Supply Chain Security Awareness Part 2: Legislation and Regulations

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The newest US laws and measures that support secure supply chains 

In Part 1 of this three-part series on supply chain security, we looked at several of the forces weakening the global supply chain discussed at RSA Conference 2021. First, we broke down the largest attack on the United States’ supply chain to date, the SolarWinds breach. Then it was on to discuss the impact of geopolitical conflict, the pandemic and the increased volume and sophistication of cyberattacks on the supply chain.

After combing through the supply chain vulnerabilities and risks organizations faced over the past 14 months, it’s time to examine the latest US legislation and regulations discussed at RSA Conference that support stronger supply chain security. Finally, in Part 3, we’ll explore how the security industry can prepare for compliance and incorporate forward-thinking supply chain security measures in the months and years ahead.

Buckle your seatbelts. Let’s dive into Part 2 of “Supply Chain Security Awareness.”


At RSA Conference, Director of Cybercrime at INTERPOL Craig Jones remarked that when people experience a real-world crime, they know to call the police. But if they’re victims of cybercrime, they typically avoid law enforcement in favor of their IT guy. When it comes to supply chain security, how do we bring together the cyber first responders?

One way is through legislation. While the US government has historically lagged on technology regulation, the pace has quickened recently with several new state and federal laws introduced to improve cybersecurity and data privacy, as well as bring together disparate groups for better security alignment—particularly for those devices and software used in supply chains. Here are some of the bills that were discussed at RSA Conference.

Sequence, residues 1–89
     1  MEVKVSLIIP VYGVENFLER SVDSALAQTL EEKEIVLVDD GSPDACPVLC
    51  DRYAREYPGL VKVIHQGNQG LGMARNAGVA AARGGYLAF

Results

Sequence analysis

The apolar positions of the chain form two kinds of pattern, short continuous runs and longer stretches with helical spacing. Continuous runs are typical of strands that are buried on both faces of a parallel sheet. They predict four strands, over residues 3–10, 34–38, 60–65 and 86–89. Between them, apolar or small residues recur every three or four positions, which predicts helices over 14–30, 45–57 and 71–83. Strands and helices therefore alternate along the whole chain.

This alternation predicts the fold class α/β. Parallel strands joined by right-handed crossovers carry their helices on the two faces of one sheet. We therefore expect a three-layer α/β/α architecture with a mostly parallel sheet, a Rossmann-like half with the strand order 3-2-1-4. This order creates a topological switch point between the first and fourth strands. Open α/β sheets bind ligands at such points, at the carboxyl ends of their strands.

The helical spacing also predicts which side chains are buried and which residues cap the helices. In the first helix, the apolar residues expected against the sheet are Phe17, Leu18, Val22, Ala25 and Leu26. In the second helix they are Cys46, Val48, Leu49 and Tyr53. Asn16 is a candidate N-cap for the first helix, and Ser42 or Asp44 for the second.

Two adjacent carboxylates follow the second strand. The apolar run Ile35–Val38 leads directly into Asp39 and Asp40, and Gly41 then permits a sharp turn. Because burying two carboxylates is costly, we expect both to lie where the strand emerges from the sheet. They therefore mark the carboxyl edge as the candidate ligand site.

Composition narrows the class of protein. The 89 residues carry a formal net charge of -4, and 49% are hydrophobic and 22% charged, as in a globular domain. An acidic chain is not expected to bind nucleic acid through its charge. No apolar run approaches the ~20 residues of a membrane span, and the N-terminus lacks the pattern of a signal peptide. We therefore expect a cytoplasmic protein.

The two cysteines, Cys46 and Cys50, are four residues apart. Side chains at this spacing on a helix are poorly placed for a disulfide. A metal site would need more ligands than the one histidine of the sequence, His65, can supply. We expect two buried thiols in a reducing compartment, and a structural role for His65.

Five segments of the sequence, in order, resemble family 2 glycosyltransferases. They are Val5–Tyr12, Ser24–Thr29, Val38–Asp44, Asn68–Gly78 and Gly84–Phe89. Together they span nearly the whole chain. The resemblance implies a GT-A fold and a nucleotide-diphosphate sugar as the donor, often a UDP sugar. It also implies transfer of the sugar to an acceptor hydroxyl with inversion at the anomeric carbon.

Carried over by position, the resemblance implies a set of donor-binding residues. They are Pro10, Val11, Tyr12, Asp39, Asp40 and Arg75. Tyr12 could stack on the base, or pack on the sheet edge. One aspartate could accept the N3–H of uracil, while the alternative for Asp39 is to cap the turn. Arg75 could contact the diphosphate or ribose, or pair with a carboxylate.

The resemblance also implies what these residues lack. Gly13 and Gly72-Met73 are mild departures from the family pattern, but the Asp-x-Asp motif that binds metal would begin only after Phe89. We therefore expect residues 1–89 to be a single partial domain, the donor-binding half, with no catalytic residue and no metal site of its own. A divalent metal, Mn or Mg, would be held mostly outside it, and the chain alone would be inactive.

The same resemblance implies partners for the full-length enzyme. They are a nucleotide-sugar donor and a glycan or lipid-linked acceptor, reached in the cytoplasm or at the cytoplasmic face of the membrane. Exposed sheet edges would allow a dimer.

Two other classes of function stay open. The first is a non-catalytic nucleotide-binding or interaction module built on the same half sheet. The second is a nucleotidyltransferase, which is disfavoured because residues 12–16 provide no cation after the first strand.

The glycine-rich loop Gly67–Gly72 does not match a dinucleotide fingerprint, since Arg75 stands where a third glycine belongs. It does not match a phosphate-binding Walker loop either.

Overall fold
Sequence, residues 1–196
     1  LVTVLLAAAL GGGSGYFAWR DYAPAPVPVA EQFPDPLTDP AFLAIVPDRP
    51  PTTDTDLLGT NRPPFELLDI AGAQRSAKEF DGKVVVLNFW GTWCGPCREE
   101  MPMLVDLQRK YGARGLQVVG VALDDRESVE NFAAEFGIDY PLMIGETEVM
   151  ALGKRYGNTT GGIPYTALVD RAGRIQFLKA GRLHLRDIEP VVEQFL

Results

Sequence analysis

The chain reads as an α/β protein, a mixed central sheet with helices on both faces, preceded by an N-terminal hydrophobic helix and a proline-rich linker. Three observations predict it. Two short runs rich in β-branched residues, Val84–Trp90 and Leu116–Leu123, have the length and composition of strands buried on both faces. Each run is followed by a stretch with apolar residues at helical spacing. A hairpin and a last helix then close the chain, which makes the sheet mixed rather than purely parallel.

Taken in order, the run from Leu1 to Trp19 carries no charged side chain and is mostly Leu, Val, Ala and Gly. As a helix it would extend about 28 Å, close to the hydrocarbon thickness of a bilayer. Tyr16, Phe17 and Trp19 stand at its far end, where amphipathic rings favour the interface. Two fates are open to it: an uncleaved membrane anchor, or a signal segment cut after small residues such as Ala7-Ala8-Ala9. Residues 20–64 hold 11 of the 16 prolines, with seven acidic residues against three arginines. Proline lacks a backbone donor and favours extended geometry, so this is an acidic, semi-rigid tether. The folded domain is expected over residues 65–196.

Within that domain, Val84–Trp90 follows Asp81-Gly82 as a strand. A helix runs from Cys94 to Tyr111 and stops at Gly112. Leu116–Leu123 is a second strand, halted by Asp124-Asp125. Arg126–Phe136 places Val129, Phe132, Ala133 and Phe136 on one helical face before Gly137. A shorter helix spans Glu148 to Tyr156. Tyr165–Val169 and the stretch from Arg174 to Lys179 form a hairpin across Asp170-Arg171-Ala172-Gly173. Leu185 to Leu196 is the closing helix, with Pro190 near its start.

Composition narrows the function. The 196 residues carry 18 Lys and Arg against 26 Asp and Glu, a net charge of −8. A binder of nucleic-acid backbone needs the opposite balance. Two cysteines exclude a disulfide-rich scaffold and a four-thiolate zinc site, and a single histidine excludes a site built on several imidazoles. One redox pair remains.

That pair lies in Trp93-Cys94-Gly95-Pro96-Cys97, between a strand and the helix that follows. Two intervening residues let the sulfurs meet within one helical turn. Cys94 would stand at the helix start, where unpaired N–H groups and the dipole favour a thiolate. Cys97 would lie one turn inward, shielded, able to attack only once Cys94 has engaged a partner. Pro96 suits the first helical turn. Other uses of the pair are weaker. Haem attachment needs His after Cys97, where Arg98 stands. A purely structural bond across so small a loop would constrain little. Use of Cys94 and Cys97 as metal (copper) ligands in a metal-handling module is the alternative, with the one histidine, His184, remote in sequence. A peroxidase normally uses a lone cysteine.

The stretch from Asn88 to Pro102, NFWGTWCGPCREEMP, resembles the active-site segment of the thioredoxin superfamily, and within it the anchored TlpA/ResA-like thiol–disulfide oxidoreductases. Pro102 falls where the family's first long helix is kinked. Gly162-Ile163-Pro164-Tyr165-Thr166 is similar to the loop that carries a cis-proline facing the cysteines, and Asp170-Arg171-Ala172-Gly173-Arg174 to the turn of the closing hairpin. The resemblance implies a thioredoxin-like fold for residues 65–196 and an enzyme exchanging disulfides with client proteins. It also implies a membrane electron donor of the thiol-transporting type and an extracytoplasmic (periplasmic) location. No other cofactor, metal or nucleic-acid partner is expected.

On May 12, President Joe Biden signed an Executive Order (EO) with sweeping proposals to upgrade federal cybersecurity, including massive changes to its procurement processes, such as requiring that suppliers provide a software bill of materials (SBOM) to help organizations manage risk and learn which vulnerabilities exist in the products they use.

In addition, the EO includes a set of criteria to evaluate the security practices of developers and suppliers. It proposes a labeling system to identify vendors that have gone above and beyond the baseline, essentially codifying resilience as a competitive edge.

The IoT Cybersecurity Improvement Act, meanwhile, aims to tighten up standards for IoT devices owned or operated by the federal government. The bill directs the National Institute of Standards and Technology (NIST) to draft and publish IoT standards with a focus on secure development, identity management, patching and configuration. After NIST publishes standards and guidelines, contractors and vendors must follow up by publishing coordinated vulnerabilities disclosure policies.

Other relevant regulation recently introduced includes various state data privacy laws, such as the California Consumer Privacy Act (CCPA), the California Privacy Rights Act (CPRA) and Virginia’s Consumer Data Protection Act, which passed in February 2021. Since the CCPA was introduced in 2018, 29 other states have proposed data privacy bills mostly centered on consumer data rights.